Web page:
On March 17, 2016, then-Secretary of State John F. Kerry announced to the world that the Islamic State was committing genocide against Christians and other religious minorities in the Middle East. It was an important statement, because it was only the second time our government had declared genocide in an ongoing situation — the first was Darfur, where some estimate that more than 300,000 people have been killed to date.
Congress, too, spoke, with the House passing a resolution March 14 that the Islamic State was committing genocide against religious and ethnic minorities, including Christians and Yazidis, by a vote of 393 to 0. The Senate unanimously followed suit later last year.
The Rev. Douglas Bazi, then stationed in Irbil in Kurdistan, ran a refugee center there for Christians displaced from the Nineveh Plain. He knew well that the kidnapping, torture and confiscation they had endured because he himself had been captured and tortured in Baghdad in 2009 by a different group of extremists. Sitting with me in the gallery of Congress as the bipartisan genocide resolution passed, he said using the right vocabulary was the “first right step.” But, he added, it needed to be followed up with the right action.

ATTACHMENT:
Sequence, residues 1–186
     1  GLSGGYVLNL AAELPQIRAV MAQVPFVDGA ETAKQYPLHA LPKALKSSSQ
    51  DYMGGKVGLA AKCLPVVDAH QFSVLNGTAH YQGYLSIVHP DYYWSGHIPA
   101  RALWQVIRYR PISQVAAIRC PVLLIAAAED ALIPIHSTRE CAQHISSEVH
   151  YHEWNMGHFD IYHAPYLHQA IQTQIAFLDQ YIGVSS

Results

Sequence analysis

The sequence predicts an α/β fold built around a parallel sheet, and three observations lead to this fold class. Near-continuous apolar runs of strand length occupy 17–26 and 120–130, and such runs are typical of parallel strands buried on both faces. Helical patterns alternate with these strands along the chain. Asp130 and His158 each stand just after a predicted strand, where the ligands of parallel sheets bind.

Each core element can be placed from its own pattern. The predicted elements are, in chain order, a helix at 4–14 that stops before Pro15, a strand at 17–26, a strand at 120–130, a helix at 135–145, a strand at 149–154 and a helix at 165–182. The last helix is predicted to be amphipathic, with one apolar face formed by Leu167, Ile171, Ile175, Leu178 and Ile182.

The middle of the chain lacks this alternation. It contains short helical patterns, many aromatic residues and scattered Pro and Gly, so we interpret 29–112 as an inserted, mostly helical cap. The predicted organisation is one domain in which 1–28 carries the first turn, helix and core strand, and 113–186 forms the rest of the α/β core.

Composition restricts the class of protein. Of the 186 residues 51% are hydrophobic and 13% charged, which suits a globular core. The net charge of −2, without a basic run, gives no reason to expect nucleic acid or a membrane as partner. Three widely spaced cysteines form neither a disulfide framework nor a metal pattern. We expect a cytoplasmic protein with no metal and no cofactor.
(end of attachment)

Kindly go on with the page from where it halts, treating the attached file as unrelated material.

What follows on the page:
One year after our country used the right word, he and the other Iraqi Christians are still waiting for the next step: meaningful action.
Despite the genocide designation, our government spent the rest of 2016 operating on a business-as-usual basis. The largest displaced Christian community in Iraq — in Irbil — received no U.S. government or U.N. aid before the genocide designation. And they have received none since.
On a visit to Iraq last spring, one of our executives spoke to Yazidis who said they had been similarly overlooked.
Both the U.N. and the senior U.S. government officials there told our representative that this was the case because they prioritized individual needs, not group needs. When pressed, they admitted that they did not take into account the needs of communities — even if they had suffered genocide. This means that, when being considered for aid or resettlement, those who are the targets of genocide do not have their status as communities marked for extermination taken into account.
Unfortunately, ignoring the identity of these targeted groups plays into the hands of genocidal regimes. Such an attitude could well be a death sentence for these minority communities. What the Islamic State couldn’t accomplish, misguided aid policies just might: eliminating entire ethnic and religious minority groups from their historic homes.
The region’s Christians seem to be reaching a tipping point. Estimates vary, but the Christian population of Iraq has fallen from more than 1 million to less than 250,000 in recent years due in large part to the onslaught of the Islamic State. Syria’s Christian population has fallen precipitously as well. For these historic religious communities, extinction is a real possibility.